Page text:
Sydney Morning Herald
December 30, 1998
‘Of China’s 606 cities, two-thirds are seriously short of water. The aquifer level under Beijing is 80 metres down, dropping a metre a year. No one knows how much remains.’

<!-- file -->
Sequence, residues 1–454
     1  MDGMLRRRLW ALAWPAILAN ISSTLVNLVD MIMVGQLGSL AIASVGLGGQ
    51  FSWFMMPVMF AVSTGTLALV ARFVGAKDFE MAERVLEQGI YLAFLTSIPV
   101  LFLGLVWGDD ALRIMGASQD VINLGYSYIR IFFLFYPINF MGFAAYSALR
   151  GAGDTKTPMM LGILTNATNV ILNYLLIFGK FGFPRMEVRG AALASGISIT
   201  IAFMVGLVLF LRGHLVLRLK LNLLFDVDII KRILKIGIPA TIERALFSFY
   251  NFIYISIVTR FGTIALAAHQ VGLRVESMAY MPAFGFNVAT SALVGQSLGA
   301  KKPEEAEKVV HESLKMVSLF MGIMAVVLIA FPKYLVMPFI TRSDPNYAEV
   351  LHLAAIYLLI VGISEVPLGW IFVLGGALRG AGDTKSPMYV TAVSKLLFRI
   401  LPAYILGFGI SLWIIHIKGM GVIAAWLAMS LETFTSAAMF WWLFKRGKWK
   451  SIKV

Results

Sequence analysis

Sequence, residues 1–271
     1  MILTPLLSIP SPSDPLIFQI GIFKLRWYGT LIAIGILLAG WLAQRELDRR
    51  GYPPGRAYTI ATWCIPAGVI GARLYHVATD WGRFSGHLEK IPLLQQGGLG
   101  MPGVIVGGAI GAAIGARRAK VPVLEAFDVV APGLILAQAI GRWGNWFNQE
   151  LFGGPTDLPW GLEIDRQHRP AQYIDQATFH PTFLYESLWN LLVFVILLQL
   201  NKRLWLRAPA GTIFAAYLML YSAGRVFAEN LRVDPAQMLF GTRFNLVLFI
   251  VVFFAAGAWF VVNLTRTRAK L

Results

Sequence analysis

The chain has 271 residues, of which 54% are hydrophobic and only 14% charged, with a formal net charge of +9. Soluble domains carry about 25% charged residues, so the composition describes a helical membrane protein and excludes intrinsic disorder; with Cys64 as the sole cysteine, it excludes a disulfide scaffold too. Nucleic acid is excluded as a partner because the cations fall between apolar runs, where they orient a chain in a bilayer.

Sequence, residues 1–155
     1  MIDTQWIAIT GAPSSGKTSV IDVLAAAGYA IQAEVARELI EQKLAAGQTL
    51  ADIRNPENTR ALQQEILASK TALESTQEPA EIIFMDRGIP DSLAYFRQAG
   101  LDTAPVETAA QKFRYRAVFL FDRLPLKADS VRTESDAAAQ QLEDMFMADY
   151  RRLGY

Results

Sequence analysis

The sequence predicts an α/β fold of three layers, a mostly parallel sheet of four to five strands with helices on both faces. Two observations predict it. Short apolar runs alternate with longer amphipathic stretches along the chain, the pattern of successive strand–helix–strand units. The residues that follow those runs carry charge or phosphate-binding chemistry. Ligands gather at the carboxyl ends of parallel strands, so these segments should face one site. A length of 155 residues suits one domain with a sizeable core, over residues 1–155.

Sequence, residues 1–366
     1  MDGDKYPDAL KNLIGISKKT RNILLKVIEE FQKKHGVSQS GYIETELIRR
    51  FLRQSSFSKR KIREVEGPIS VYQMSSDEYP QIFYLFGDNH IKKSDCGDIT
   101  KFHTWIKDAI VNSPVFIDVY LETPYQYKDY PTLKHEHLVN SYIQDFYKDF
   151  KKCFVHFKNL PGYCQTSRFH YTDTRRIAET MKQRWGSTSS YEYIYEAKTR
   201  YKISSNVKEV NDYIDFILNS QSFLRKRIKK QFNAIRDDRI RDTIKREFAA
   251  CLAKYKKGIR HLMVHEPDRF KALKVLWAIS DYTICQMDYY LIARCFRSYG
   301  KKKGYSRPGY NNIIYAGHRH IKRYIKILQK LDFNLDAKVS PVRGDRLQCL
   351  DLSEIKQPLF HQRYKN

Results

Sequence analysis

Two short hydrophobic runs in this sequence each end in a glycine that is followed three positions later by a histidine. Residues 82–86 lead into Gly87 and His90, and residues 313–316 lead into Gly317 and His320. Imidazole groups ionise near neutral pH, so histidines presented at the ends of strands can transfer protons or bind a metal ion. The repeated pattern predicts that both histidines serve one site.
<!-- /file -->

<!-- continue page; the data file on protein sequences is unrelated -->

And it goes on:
[Article excerpt] … Of China’s 606 cities, two-thirds are seriously short of water. The aquifer level under Beijing is 80 metres down, dropping a metre a year. No one knows how much remains. So the Government is building a 1700-kilometre aqueduct from the Yangtze, itself (by government description) “cancerous”. … At official levels, the rhetoric is changing. Citizens have sued over destruction of habitat and Pan Yue, the Vice-Minister for State Environmental Protection, recently declared: “The proper future for China is a green socialist eco-civilisation.” But the reality remains terrifying: toxic rivers, poisoned soil, rampant desertification, vast sandstorms and the fact that China, with 1.3 billion people, now imports rice. Not unlike Australia, you might think. Only with 65 times as many mouths to feed, in a comparable area, and with a government with the power to avert eco-catastrophe, should it choose. Will it, though? Signs are mixed.